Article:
Black Guillemots may be the most abundant alcid in Maine waters, but that doesn’t mean that they deserve any less attention than their charismatic cousin the Atlantic Puffin! They are one of the few seabirds on the Maine coast year round. Unlike other alcids most Black Guillemots are sedentary, and if they do migrate it is only short distances from their breeding colonies. Black Guillemots feed in mid to shallow waters, and often loaf on intertidal rocks or on the surface in between foraging dives. These habits make them one of the more visible alcids from the mainland. Breeding plumage is solid black with white wing patches. This makes the species easy to identify at a distance, but up close you will notice the bright red legs and gape, which give these charming birds a splash of color.
I wish we could get a good video of Guillemot behavior, if we watch them for too long we just break up laughing. On land their movements are a combination of awkward waddles and hops. Black Guillemots are wing propelled swimmers and require strong short wings to literally fly under the water while foraging. High wing loading (mass vs. wing surface area) makes slowing down in aerial flight very difficult. As a result these birds seem to crash land into just about anything to stop themselves.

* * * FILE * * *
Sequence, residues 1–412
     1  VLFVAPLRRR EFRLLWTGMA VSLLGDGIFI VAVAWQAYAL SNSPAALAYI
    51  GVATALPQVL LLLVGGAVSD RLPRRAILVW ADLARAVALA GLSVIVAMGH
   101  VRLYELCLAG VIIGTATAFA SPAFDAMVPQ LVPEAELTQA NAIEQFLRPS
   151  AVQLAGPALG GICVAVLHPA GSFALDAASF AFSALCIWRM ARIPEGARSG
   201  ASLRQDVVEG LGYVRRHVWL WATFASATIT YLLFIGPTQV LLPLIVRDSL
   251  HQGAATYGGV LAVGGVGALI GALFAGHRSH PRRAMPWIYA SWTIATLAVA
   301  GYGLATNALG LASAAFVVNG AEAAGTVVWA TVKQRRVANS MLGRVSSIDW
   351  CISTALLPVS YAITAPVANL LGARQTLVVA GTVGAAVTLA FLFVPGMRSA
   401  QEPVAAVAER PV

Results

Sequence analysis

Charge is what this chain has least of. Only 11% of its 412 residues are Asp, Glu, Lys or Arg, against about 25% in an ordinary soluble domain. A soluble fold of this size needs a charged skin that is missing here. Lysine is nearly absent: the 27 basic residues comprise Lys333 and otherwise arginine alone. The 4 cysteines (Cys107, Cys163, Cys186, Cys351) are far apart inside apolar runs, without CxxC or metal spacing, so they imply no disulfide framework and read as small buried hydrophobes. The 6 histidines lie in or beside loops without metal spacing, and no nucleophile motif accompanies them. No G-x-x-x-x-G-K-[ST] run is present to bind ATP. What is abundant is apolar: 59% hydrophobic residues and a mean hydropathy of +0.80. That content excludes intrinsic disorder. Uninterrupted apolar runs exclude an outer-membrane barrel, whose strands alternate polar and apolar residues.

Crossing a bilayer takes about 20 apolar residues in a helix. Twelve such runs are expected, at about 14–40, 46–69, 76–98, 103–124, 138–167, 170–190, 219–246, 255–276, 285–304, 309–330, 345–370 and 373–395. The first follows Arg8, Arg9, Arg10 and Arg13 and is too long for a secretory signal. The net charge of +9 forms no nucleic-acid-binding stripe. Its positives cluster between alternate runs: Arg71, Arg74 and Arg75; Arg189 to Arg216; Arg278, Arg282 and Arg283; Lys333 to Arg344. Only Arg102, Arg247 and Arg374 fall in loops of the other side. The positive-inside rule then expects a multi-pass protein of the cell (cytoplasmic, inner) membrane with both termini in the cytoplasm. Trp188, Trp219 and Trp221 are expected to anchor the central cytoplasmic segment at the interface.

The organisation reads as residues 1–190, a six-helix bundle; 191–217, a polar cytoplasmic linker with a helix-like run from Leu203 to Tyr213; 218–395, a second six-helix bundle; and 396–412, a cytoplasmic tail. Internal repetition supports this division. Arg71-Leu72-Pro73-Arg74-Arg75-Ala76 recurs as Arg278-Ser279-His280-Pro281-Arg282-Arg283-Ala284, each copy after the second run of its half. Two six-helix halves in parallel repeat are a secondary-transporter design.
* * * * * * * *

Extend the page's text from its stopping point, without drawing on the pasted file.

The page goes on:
Our next Guillemot check is coming right up so we hope to have some pictures of Guillemot chicks up for you soon!
*The incredible photography for this post was taken by Brette Soucie, Metinic Supervisor 2010. Her patience and artistic eye are responsible for our ability to share such beautiful images with you. Thank you Brette! We hope you are taking tons of pictures on your recent adventures!
Always appreciative –The Metinic crew